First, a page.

Admittedly, it’s kind of academic, as UK startups and scale-ups have lost significant pots of funding simply by the population voting to Leave the EU and we can only expect that to get worse. Certainly for me, the UK isn’t in my company’s medium and long-term future roadmap as the main place to do business or grow and I say this as someone born, bred and living in the UK his entire life.
So the 35% of graduates earn from your success and around 9 in each cohort in reality the number that go on to survive 5 years is about 50%. So you are looking at 4 or 5 (4.5 for the sake of the math) but because this is a small value, it’s entirely possible all will fail before 5 years and it will be other FI cohorts that make the money. FI gets money from all their cohorts, whatever happens. Yet, you only get it from your cohort. If you are lumbered with cohorts that don’t work or sell, or contribute, even after graduation (though the rigorous process seems to counter for that) then you may stand to gain nothing from the effort you put in to help them succeed and if your company works, which the Canadian ecosystem appears to suit, it’s possible to end up paying folk who did little to contribute to your success, even if you contributed a tonne to theirs and it failed because of them. If you’re a capable entrepreneur already, this may not be for you tbh as it carries way too much risk. After all, if you’re already capable, you’re better off being a mentor.
This is a particular concern to folk like myself who already have significant startup and organisational expertise and after my experience at HiveMind, I never want to repeat that again, even at a lower rate of payment. Hence, when the evening started the way it did, it automatically got my alarm bells ringing. I had to battle through that to get whatever message they were sending.
There have been criticisms of the mentoring process, especially where it can be difficult getting hold of mentors outside the normal course of events. Many folk online seemed to experience a complete lack of support in what they would consider mentorship. That said, pretty much all of them were unianimous in that at least 50% of mentors really brought a lot to the table and added value. Arguably, it would seem they add value well beyond the other options available to founders, given the costs of obtaining those services elsewhere. I would also hazard a guess that it very much depends on the amount of skill each founder brings to the table, since such reporting is all relative.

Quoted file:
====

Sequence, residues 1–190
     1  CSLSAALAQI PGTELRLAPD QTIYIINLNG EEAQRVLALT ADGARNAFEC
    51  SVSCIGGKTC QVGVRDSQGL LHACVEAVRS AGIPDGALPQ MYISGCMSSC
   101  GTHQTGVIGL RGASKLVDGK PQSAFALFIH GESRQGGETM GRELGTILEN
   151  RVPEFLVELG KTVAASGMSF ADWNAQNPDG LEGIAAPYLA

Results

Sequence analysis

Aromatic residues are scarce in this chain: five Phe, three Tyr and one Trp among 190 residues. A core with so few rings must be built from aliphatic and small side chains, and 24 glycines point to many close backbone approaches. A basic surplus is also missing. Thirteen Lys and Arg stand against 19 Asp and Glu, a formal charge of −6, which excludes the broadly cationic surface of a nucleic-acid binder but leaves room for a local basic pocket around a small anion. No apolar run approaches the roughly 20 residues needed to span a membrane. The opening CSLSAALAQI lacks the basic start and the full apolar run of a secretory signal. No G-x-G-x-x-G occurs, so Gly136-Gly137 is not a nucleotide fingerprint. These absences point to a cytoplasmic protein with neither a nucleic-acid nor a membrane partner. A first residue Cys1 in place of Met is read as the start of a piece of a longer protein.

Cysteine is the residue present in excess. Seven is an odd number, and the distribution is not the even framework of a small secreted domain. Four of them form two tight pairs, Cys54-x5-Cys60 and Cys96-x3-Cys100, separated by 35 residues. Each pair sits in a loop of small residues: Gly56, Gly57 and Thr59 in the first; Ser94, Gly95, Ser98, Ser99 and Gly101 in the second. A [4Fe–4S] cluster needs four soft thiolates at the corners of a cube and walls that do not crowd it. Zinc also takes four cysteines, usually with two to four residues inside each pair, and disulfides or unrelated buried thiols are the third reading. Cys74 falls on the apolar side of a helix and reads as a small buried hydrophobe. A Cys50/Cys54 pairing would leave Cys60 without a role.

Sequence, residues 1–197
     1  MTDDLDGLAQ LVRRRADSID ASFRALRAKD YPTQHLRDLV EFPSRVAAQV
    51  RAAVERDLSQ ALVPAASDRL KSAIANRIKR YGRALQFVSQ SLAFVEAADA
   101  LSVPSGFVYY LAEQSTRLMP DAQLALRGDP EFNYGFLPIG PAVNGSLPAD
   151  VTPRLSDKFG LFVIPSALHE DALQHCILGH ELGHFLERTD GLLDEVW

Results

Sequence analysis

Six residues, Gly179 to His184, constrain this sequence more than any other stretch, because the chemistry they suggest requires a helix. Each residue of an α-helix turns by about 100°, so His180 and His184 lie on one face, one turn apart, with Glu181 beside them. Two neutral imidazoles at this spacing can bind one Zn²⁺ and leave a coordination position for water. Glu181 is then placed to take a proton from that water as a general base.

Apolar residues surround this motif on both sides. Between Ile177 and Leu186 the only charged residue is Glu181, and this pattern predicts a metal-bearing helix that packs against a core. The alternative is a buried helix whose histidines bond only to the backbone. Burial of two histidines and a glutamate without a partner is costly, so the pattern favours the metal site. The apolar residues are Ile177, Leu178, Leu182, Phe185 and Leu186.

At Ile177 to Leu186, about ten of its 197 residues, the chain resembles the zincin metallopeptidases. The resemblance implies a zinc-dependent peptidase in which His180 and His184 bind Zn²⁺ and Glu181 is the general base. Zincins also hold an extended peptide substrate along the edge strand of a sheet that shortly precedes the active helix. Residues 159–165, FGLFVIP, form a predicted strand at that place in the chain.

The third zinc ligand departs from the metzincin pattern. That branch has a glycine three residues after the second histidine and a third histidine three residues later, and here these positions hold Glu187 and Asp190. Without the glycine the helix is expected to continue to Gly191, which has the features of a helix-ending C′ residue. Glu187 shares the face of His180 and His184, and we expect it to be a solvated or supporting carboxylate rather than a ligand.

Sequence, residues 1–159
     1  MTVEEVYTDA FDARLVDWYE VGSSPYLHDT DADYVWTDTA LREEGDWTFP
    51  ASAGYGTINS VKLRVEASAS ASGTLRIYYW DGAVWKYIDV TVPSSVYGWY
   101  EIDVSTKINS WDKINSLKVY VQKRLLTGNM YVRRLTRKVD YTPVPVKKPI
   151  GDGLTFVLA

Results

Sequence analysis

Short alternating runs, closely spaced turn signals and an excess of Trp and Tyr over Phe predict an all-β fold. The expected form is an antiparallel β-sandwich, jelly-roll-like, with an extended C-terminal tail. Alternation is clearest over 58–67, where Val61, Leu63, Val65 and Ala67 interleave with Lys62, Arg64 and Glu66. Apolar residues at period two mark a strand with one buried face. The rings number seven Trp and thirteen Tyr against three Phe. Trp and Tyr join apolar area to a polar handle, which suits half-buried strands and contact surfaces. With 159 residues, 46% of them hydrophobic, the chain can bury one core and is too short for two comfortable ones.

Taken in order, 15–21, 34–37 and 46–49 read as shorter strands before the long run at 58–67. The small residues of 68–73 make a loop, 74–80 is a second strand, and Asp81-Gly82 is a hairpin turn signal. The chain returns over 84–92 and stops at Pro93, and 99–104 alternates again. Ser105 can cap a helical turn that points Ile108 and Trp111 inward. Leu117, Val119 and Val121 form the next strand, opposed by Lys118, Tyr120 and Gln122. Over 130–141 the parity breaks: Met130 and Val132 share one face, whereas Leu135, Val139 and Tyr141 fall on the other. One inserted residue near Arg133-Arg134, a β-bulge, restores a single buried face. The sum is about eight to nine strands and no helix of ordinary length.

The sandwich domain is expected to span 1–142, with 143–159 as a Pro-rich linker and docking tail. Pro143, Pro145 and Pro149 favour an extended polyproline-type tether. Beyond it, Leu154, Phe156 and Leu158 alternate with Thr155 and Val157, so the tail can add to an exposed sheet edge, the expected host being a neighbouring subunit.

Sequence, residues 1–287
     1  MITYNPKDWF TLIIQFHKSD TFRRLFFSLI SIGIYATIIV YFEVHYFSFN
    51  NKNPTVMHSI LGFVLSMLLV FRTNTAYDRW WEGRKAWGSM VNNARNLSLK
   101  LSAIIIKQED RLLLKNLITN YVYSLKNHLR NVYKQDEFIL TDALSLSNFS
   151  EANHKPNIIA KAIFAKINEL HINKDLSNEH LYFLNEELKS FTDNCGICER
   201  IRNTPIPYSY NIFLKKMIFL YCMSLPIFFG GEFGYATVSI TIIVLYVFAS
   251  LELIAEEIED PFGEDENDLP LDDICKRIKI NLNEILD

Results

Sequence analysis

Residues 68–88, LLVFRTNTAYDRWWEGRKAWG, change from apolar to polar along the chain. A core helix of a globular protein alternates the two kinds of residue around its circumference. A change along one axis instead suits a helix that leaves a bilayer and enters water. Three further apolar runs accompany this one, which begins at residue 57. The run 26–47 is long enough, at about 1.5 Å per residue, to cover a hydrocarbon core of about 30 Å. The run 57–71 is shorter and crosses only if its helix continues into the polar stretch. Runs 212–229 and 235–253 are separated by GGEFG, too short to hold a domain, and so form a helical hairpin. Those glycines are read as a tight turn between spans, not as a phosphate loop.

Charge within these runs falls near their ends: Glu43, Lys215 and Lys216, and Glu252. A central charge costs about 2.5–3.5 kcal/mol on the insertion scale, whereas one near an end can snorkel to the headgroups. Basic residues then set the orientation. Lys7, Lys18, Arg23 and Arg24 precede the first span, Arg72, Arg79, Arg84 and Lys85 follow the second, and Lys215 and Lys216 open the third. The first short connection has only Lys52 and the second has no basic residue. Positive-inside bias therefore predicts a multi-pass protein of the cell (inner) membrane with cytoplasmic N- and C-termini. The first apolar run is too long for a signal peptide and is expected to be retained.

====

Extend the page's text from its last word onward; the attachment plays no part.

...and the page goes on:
Reviews from Former Scholars
The Founder Institute appears not to have the best reputation amongst former graduates. They don’t like the non-dilution of shares during the 10-year period, the $1,000 dollar enrollment (which is waived for some types of folk-often techies); the lack of funding and they also criticize the market fit. That said, there are a lot of positive reviews (which I have not checked as genuine-so not an endorsement) and what’s interesting about the critique is that a seemingly common theme developed about Adeo, who is apparently regarded as tyrannical and ego driven. This seems to come out in styles of the pitches from the local chapters and explains Shawna’s initially direct tone. I’m not 100% sure that’s the whole story, but it would certainly explain some of the characteristics and in reality, business can be really rough. So it might be an acceptable part of the experience.
Will I be joining? I don’t think so. Not necessarily because there was something that categorically put me off, but because I think I’m a little too far advanced for an initial startup, even in a new country (not that I even know whether I can start up a company in Canada or not at this stage). That said, the Canadian startup ecosystem as a whole does provide some impressive numbers. It also provides a few lessons for us in the UK. Perhaps after Brexit the whole system can look at the entire ecosystem and change what it does, but in reality, it’ll lead to less money and given our tradition for bureaucracy, an overwhelming amount of paperwork. The legal process won’t be fixed any time soon (it’s been at least 20 years) and I don’t think companies will take as well. The FI may work quite well to get folk up to scratch but sustaining them past their first couple of years in the UK would be difficult and likely to end in abject failure to many.
In any event, the Canadian startup ecosystem is worth delving deeper into I think. As it’s success rates are promising relative to the UK.
What has your experience been to date? Let me know in the comments and don’t forget to like the article if you think others need to see it.